Duthie Hill Park: A Partnership between King County Parks and Evergreen Mountain Bike Alliance
The King County Parks-EMBA partnership is an excellent example of how a public-private partnership can leverage funds in tight fiscal times to create, maintain, and program a unique, world-class trails system that is open and accessible for all to enjoy.
More than ten years ago, when mountain biking began to gain popularity in the Pacific Northwest and unauthorized trails started popping up on public lands throughout the county, King County Parks and EMBA came together to discuss mountain biking trail concerns, such as unauthorized trails, competing trail uses, lack of dedicated space for mountain biking, and the largely negative view of mountain biking held by many outdoor enthusiasts.
With so many acres of open space accessible year-round to King County’s growing population, King County Parks recognized the importance of working to meet the needs of this recreational group. Following an inventory analysis, King County Parks and EMBA selected the 120-acre Duthie Hill Park as the ideal location for a mountain bike-oriented park. Duthie Hill Park is located on the edge of the greater Seattle metropolitan area, just a short 30 minute drive from downtown, and features a mature second-growth forest of fir, hemlock, and cedar that provides an excellent “Pacific Northwest” outdoor experience.
In 2008, King County Parks awarded EMBA a $220,000 CPG grant, which provided seed funding for initial design and construction costs. EMBA was empowered to lead the project, from initial design and on-the-ground trail building to engaging volunteers and securing additional funding. King County Parks provided project oversight, general support, and coordination on larger issues such as permitting, risk management, and signage. Over the course of the project, EMBA provided more than 6,000 hours of volunteer labor to build the trails, and donations of cash and equipment, conservatively totaling $140,000 in match contribution.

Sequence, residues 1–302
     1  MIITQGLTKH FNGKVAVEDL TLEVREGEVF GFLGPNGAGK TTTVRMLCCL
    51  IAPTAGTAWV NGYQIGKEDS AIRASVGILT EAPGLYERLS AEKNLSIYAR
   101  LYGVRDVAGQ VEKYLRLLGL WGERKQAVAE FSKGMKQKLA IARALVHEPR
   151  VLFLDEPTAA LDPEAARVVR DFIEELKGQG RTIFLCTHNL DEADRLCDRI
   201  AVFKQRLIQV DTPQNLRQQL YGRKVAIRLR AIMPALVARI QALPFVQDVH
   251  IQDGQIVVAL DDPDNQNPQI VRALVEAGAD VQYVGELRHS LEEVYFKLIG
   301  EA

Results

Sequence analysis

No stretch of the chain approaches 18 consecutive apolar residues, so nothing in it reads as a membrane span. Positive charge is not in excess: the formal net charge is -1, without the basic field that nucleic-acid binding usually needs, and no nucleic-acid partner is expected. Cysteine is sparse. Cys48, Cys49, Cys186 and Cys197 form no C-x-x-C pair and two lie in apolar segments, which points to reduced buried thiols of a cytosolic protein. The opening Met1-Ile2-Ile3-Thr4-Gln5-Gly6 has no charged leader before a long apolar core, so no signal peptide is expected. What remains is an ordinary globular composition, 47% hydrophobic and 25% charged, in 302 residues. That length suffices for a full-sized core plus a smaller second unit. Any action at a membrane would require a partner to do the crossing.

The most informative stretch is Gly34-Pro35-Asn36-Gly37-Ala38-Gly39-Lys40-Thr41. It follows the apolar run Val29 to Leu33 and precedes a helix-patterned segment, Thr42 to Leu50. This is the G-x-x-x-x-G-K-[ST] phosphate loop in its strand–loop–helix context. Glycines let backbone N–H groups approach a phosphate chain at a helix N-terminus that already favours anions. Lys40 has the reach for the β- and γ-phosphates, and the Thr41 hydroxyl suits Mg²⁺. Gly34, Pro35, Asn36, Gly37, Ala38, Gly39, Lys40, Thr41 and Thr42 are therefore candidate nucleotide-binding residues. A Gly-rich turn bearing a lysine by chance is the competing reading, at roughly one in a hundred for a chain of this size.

The trails at Duthie Hill were built using best mountain bike trail practices, which is especially important for the long-term sustainability of the trails in the rainy Pacific Northwest. The trails build on the park’s naturally beautiful forest setting of tall trees and lush ferns, and fallen trees at the site were salvaged and incorporated into trail construction. The park features a progressive design, with over 6 miles of free ride and cross country trails, building from beginner trails to double black diamond ones. There are also special technical features such as jumps, elevated boardwalks, banked turns, and drops reflecting all skill levels, which help learners build confidence and provide challenges to experienced riders.
At a recent International Mountain Biking Association conference, Duthie Hill Park was referred to as the new standard for mountain biking trails, and the partnership between King County Parks and EMBA as the best approach in getting it done.
Officially opened on May 22, 2010, the park has experienced a tremendous amount of use already, drawing riders from all over the state and nation. In addition to regular drop-in riders, the Subway Games mountain bike race was held in June 19, 2010, and EMBA and the Cascade Bicycle Club are hosting summer bike camps all summer for kids and adults.